Amendment 6,  page 6, line 37, at end insert—

“Information on cyber security

27HH Any operator exercising a Part 4A code right must provide written information to new customers in the target premises on best practice on cyber security when using the electronic communications service that has been provided.”

This amendment would require operators to equip new customers with literature on how best to keep their home cyber secure, particularly in the era of the Internet of Things and with recent reports of hacked domestic devices such as baby monitors.

Chi Onwurah Portrait Chi Onwurah
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I welcome the Secretary of State to his place. It is somewhat surprising to see him, as my hon. Friend the Member for Batley and Spen (Tracy Brabin) had expected to see him in the Commonwealth debate yesterday and I was expecting to see the Under-Secretary of State for Digital, Culture, Media and Sport, the hon. Member for Boston and Skegness (Matt Warman) today. As I understand it, after saying almost nothing over weeks in his post, the Secretary of State’s first moment at the Dispatch Box may be to reverse completely the Government’s position on part of the Bill. That raises the question: what information has changed and did the Government know what they were doing in the first place?

As we are taking all the amendments together, I shall consider the whole Bill. It is a great pleasure to speak on the Bill as shadow Minister for Digital. I have an interest to declare: before entering the House, I worked as a telecommunications engineer for 23 years, rolling out telecoms infrastructure in countries as diverse as Germany, Nigeria, Britain and Singapore. I am passionate about digital technology and the positive difference it can make; however, the 10 years for which I have been in Parliament have coincided with a rapid decline in the relative quality of our telecoms infrastructure under successive Conservative Administrations. Without the required ambition, this Government risk wasting a decade more.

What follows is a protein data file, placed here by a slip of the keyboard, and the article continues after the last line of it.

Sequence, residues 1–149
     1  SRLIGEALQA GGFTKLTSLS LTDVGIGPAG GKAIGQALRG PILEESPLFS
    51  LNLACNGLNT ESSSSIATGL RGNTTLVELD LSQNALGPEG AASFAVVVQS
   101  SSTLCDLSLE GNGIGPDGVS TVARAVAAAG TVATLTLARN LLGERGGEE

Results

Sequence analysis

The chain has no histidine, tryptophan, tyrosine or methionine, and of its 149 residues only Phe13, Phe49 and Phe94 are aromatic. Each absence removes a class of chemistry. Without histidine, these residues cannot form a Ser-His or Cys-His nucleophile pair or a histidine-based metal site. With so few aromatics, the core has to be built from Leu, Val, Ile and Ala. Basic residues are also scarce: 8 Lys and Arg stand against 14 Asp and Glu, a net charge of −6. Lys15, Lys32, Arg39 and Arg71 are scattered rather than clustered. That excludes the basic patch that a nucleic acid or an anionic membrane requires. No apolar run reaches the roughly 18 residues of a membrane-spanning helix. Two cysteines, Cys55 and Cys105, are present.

The UK has a proud technological history, from the earliest days of the industrial revolution to the invention of the first fibre-optic cable and, of course, the worldwide web. That is why it was with such regret that on Second Reading I highlighted the fact that the OECD ranks us 35th out of 37 for broadband connectivity, even though ours is the fifth largest economy, and that 85% of small and medium sized enterprises said that their productivity was adversely affected by unreliable connections in 2019.

Sadly, our wasted 10 years in telecoms have not been limited to fixed infrastructure; both mobile and the online infrastructure of regulation have also been left to languish, reducing the impact of the Bill. Conservative Governments have entrenched the digital divide in the United Kingdom: 11 million adults lack one or more digital skills and 10% of households do not have internet access. At this rate, in 2028 there will be 7 million people without digital skills, which is tantamount to leaving one in 10 of our population permanently disenfranchised. Our part-time Prime Minister has changed his tune—[Hon. Members: “Oh!”]